(5) Makes any vocalizations for more than 15 minutes without interruption or more than 30 minutes if the vocalization is intermittent. These time limits do not apply if the vocalizations are given as a warning to the presence of an intruder. Officers enforcing this subsection are not required to measure the vocalizations with the use of a sound level meter. Upon notification of a complaint concerning such vocalizations, the owner of such animal shall be given written warning indicating that such animal is creating a disturbance, so long as the complainant provides the officer with the address of the owner. If the disturbance is not resolved within two days or a subsequent compliant is made for such animal by a different individual, who resides at a different location from the first complainant, a court summons shall be issued in accordance with the requirements of this articles; or(5)

(a) animal that makes any vocalizations or more than 15 minutes without interruption or more than 30 minutes if the vocalization is intermittent shall be defined as a public nuisance animal.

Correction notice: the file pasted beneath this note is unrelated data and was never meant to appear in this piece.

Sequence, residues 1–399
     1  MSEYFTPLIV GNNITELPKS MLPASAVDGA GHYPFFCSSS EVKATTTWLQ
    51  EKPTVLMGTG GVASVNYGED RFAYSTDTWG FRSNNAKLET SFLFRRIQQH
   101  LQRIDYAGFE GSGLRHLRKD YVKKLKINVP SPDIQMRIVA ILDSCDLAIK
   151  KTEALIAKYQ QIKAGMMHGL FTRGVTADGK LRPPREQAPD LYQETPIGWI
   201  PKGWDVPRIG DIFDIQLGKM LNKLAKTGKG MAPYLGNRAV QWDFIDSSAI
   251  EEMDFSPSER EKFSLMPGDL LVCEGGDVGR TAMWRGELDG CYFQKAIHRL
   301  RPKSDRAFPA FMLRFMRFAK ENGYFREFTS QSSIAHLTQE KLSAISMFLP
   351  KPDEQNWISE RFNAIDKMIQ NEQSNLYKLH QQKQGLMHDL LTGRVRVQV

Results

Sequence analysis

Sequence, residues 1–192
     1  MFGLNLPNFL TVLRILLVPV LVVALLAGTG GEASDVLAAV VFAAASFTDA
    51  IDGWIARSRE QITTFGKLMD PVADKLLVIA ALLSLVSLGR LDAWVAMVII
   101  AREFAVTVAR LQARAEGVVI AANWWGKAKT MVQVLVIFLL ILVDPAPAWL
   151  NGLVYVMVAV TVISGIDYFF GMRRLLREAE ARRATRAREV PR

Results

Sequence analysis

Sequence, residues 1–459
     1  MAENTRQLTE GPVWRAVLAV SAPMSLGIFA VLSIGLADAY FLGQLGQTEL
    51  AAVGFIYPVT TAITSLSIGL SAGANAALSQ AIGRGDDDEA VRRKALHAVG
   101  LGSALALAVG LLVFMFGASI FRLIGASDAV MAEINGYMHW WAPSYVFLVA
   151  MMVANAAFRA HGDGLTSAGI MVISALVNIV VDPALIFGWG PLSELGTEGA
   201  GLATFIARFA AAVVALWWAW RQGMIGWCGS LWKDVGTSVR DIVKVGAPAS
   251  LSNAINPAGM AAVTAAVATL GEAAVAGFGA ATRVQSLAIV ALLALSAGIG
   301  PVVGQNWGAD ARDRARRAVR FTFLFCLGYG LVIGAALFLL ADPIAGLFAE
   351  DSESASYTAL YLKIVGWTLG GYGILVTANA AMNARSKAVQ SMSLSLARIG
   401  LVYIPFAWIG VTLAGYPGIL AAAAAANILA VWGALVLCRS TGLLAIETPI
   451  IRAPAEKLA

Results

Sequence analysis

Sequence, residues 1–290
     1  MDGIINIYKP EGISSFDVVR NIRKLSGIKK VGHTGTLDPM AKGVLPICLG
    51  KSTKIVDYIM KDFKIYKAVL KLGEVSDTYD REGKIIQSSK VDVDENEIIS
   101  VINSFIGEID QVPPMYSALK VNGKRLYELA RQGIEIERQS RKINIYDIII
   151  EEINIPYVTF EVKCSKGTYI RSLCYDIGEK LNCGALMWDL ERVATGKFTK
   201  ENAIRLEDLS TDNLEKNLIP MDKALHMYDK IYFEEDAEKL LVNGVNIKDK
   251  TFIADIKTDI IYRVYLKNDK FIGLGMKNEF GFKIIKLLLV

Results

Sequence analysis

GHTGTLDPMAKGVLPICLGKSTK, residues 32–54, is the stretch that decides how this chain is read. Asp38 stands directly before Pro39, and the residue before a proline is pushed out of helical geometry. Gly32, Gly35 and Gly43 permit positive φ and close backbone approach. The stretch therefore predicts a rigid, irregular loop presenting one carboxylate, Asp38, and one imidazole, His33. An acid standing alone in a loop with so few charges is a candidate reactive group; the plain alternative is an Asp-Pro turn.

(1) These time limits do not apply if the vocalizations are given as a warning to the presence of an intruder.
(2) Officers enforcing this subsection are not required to measure the vocalizations with the use of a sound level meter.
(3) Upon notification of a complaint concerning such vocalizations, the owner of such animal shall be given a written notice from the Animal Control Unit indicating that such animal is creating a disturbance and advising the owner of some possible solutions to rectify the nuisance. The complainant must provide the officer the address of the owner and a physical description of the offending animal before any written notice shall be sent. The owner shall have three (3) days to resolve the disturbance.